How are customer service and technical support?

Frankly, I never had a problem, with AWS CloudFormation, per se.

Something advertised that doesn't work and to require support, that actually has never happened.

Which solution did I use previously and why did I switch?

I did use another solution, which is Ansible, but I didn't switch. I'm still using Ansible as a backup for those cases where CloudFormation does not cover. Also, outside AWS, where CloudFormation is not available.

How was the initial setup?

CloudFormation is setup by AWS by default. It's easy and it doesn't require you to do anything.

When you create your infrastructure, there is no need for you to deploy anything like agents; everything is already in there.

It's very convenient in the sense that you don't need to worry about updating, upgrading, patching or monitoring for liabilities. AWS takes care of all of that.

What other advice do I have?

There's probably a lot of people that are trying to work around it. Or, to avoid it. My advice would be: use it when Amazon says so because it's probably the most straightforward approach to your problem. Afterwards, then you can become creative, for it's worth putting in the effort.

On a scale from one to ten, I would give this solution a rating of seven.

That rating would, definitely, be higher if CloudFormation would be made available on other platforms, outside Amazon.

Which deployment model are you using for this solution?

Public Cloud
Disclosure: My company has a business relationship with this vendor other than being a customer: Consulting Partner
Learn what your peers think about AWS CloudFormation. Get advice and tips from experienced pros sharing their opinions. Updated: January 2022.
564,322 professionals have used our research since 2012.
Cloud Site Reliability Engineer and SecOps Lead at a wellness & fitness company with 51-200 employees
Real User
Top 20
A stable solution with good ability to treat infrastructure's code and makes things automatable and reproducible
Pros and Cons
  • "Its ability to treat infrastructure's code is valuable. It makes things automatable and reproducible."
  • "CloudFormation is not particularly good at handling cross-account dynamic references. If you try to refer to an object that CloudFormation has created in a separate AWS account, it tends to fall apart. That's because it is a byproduct of the multi-tenant configuration. This is the most glaring shortcoming in my perspective because you can't dynamically reference objects in other accounts that CloudFormation has created, but it is not a shortcoming that you can't overcome. This is the only pain point that I've come across that didn't have a workaround natively. Sometimes the confirmation is slow, and it could be faster. The downside to CloudFormation when you're fully embracing it is that the AWS services do not get released immediately fully CloudFormation enabled. If you need to use the latest AWS service that just got announced or reinvented, you're not going to be able to continue with CloudFormation for the first X number of months. This is because they develop the products separately, and then they hand it to the CloudFormation team, which later on develops a CloudFormation integration. So, if you need to be on the newest thing AWS has, CloudFormation is often going to be a constraint that prevents you from doing that."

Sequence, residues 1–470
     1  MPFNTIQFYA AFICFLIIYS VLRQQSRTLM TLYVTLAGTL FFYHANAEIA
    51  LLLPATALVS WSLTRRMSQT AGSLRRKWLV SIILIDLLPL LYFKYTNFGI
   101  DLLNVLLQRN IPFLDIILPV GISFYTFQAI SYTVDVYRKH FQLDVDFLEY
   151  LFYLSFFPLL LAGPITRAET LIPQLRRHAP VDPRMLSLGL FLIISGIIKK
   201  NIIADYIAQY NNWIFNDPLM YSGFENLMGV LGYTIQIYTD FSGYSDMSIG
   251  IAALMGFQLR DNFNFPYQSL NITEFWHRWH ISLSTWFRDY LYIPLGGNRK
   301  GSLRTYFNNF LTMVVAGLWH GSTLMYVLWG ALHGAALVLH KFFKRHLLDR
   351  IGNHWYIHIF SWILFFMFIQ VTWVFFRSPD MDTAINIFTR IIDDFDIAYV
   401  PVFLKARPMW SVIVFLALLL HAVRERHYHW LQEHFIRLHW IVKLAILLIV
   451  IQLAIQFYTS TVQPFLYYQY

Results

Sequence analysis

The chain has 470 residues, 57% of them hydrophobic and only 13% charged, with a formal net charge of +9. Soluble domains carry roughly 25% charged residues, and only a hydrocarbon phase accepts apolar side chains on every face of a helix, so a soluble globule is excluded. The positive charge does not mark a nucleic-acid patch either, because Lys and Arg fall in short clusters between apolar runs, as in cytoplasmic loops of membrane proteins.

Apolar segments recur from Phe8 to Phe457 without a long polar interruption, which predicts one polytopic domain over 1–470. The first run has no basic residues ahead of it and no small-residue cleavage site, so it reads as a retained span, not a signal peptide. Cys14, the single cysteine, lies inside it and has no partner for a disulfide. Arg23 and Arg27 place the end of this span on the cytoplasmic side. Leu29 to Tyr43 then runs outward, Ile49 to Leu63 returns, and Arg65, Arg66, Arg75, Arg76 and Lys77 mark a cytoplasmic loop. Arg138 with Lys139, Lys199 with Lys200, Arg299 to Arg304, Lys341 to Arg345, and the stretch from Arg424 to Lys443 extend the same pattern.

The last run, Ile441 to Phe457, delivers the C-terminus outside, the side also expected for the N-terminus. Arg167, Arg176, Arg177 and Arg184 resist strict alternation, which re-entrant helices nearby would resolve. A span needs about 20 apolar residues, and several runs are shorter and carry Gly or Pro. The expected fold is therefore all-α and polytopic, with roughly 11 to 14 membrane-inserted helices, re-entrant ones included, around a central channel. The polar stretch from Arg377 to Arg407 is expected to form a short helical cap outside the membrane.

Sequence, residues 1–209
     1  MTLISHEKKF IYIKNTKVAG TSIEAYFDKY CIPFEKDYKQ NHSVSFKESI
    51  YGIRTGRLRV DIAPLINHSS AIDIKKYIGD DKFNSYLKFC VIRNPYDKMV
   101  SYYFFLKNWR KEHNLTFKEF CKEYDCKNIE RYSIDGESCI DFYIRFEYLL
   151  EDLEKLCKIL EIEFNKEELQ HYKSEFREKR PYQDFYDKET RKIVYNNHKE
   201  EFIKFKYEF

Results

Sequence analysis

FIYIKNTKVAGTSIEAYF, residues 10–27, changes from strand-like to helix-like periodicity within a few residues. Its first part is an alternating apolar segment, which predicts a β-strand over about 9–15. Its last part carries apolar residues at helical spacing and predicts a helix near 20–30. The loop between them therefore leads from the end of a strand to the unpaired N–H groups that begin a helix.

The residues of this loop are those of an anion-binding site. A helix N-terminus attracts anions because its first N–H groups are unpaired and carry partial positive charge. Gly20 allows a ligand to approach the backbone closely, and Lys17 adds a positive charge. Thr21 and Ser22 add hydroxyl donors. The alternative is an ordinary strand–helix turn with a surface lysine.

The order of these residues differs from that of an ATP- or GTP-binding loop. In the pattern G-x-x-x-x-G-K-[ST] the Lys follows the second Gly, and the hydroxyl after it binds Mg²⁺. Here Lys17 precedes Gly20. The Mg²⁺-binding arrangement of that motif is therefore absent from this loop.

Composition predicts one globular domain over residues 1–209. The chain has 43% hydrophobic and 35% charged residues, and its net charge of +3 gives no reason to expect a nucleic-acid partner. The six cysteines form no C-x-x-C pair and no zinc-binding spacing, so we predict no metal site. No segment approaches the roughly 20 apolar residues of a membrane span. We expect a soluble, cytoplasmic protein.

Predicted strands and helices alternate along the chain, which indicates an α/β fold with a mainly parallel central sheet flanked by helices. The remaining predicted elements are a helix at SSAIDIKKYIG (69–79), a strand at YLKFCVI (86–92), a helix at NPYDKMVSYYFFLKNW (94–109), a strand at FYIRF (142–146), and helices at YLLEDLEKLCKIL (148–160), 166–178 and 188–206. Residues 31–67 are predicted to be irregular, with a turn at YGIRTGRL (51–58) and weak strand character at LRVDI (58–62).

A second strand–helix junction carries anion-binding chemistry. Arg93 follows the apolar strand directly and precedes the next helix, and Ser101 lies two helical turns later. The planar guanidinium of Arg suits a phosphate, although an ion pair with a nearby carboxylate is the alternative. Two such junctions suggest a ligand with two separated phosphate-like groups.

What is our primary use case?

CloudFormation drives most of our AWS configuration. It is the configuration engine for our whole footprint. Literally, everything that we configure in AWS is configured in CloudFormation. We are using its latest version.

What is most valuable?

Its ability to treat infrastructure's code is valuable. It makes things automatable and reproducible.

What needs improvement?

CloudFormation is not particularly good at handling cross-account dynamic references. If you try to refer to an object that CloudFormation has created in a separate AWS account, it tends to fall apart. That's because it is a byproduct of the multi-tenant configuration. This is the most glaring shortcoming in my perspective because you can't dynamically reference objects in other accounts that CloudFormation has created, but it is not a shortcoming that you can't overcome. This is the only pain point that I've come across that didn't have a workaround natively. Sometimes the confirmation is slow, and it could be faster.

The downside to CloudFormation when you're fully embracing it is that the AWS services do not get released immediately fully CloudFormation enabled. If you need to use the latest AWS service that just got announced or reinvented, you're not going to be able to continue with CloudFormation for the first X number of months. This is because they develop the products separately, and then they hand it to the CloudFormation team, which later on develops a CloudFormation integration. So, if you need to be on the newest thing AWS has, CloudFormation is often going to be a constraint that prevents you from doing that.

For how long have I used the solution?

I have been using this solution for four years.

What do I think about the stability of the solution?

It is stable. Crashing is not really a concern. There are edge conditions that probably started off as bugs, but they're pretty well understood. There isn't an issue related to stability, reliability, or anything like that. 

What do I think about the scalability of the solution?